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Musings
   Prasoon S Majumdar
Prasoon S Majumdar
Editor, Economic Affairs - The Sunday Indian
Dean Academics (All India), The Indian Institute of Planning and Management
[19/09/2010]

The Museum of Museums

It is just about heritage, but it is lot about economics as well

In most of my leisure trips abroad, the one thing that necessarily forms the part of my itinerary is a visit to art galleries and museums of that country. Not only the artifacts exhibited there speak volumes about the period that they belonged to, but even the state-of-art facility of these museums and galleries also show case, how possessive these nations are with respect to their own heritage. And when I compare such harmonic matrimony of past and present with that of Indian museums and art galleries, it just portrays the reverse. The presence of museums in India can be traced back to early 17th century and today India boasts of having more than 700 small and large museums combined. However, this boastfulness is just confined to quantity and not quality.

In its recent study, UNESCO has found around eight national museums of the country in a bad condition and said that it does not meet global standards. On similar lines, a survey conducted by couple of universities (JNU, SPA and ilk) across India, found that our museums lack even the basic infrastructural requirements, leave aside being at par with international standards. The standard and maintenance of most of our museums are so bad that if one browses through the never ending list of Indian museums, it wouldn’t be really tough to pin-point few good ones, as most of the museums are either closed permanently or is under-going renovation since ages. Not to forget that most of the museums also lack proper signage and description of the artifacts.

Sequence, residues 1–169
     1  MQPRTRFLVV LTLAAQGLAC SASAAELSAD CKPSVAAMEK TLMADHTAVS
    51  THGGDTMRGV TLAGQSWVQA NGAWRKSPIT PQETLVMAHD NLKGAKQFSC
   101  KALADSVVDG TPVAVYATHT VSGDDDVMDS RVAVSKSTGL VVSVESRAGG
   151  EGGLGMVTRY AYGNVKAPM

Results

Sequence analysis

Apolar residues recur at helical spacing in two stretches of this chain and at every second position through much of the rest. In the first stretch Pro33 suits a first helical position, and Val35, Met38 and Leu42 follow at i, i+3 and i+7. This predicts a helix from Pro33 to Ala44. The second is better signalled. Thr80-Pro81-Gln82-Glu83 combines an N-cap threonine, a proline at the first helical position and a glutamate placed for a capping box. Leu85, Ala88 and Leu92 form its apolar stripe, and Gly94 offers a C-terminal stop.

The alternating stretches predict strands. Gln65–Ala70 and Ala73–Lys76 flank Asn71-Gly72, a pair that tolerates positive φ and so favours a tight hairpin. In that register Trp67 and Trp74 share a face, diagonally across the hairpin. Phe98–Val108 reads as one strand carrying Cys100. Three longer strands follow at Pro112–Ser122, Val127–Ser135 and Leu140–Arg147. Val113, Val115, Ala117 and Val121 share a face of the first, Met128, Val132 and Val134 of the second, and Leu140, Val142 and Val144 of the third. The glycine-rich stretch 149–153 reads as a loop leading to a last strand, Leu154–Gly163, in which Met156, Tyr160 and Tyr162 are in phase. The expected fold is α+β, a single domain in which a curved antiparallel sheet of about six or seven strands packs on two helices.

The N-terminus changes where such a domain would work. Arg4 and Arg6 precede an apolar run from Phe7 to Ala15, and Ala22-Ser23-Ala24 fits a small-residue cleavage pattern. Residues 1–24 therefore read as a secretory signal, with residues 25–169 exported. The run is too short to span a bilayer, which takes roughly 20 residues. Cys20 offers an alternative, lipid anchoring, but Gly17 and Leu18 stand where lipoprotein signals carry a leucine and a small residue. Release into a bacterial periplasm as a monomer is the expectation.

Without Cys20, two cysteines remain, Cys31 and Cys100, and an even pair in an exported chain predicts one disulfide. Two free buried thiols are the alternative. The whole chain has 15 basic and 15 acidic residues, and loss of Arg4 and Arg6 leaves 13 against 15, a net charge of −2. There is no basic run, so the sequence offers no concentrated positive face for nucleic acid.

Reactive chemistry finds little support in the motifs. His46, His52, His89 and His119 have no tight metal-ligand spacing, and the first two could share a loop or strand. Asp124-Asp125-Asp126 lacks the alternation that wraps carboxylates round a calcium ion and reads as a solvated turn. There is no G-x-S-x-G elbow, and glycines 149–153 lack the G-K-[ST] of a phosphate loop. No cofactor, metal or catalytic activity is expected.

Not only the museums infrastructure is calling for an urgent repair but even the surroundings require an urgent attention. More than half of our museums have turned into store houses and dump yards from both – inside and outside. Dirt and garbage finds a safe and permanent home outside these museums. To top it up, the security and security systems of these museums are in a complete dilapidated condition. Regular thefts are a normal affair and rampant damage never comes as a surprise to anyone. Even the reluctance of government towards improving museums infrastructure is in similar dire state. A case in point is that a three years old, and Rs 7 crore worth museum project in Andhra Pradesh is still to see its dawn.

These handicaps not only bring international criticism but also deprive India of the economies that it could have brought. As I stated earlier, museums and galleries abroad are not only symbolic to their national heritage (being properly maintained since ages) but are a major tourist attraction. The Louvre established in 1793 experiences more than 5 million footfalls every year. Likewise, in UK major museums and galleries chips in more than 1.5 million pounds annually and their turnover is nothing less than 900 million pounds.

With advent of cultural tourism, museums have become an integral part of the tourism economy. And it is needless to state the kind of economies that tourism can generate for a country like India, where most of the tourism stakeholders are largely unorganised. And therefore it is all the more important for the Ministry of Culture and Tourism to define a set of globally accepted standards and norms for themselves and dress up the museum, may be with PPP. At the same time, the outer infrastructure of museums need to be refurbished to an extent that it replicates modern the architectural creativity conducive to the local culture. After all, museums and galleries help in transcending diversity and which is so symbolic to the idea called India!




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